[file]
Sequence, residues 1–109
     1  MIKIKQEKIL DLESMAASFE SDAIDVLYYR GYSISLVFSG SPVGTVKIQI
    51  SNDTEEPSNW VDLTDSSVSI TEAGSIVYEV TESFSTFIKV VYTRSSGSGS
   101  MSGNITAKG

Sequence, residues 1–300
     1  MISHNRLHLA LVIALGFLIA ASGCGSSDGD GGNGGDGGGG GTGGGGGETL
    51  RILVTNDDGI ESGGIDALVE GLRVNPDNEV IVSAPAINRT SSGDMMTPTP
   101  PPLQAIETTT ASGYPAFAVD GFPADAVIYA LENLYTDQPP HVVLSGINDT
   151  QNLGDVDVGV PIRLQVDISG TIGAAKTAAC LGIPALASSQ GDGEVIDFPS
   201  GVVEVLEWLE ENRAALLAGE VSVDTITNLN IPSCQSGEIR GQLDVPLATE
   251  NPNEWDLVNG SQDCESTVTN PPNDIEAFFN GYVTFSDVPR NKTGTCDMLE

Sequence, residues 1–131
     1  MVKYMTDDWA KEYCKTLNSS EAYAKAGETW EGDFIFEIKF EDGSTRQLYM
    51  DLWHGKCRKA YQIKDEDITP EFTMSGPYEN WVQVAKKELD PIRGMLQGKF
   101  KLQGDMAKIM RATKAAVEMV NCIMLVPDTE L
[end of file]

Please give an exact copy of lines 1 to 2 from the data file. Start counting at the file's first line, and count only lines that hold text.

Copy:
Sequence, residues 1–109
     1  MIKIKQEKIL DLESMAASFE SDAIDVLYYR GYSISLVFSG SPVGTVKIQI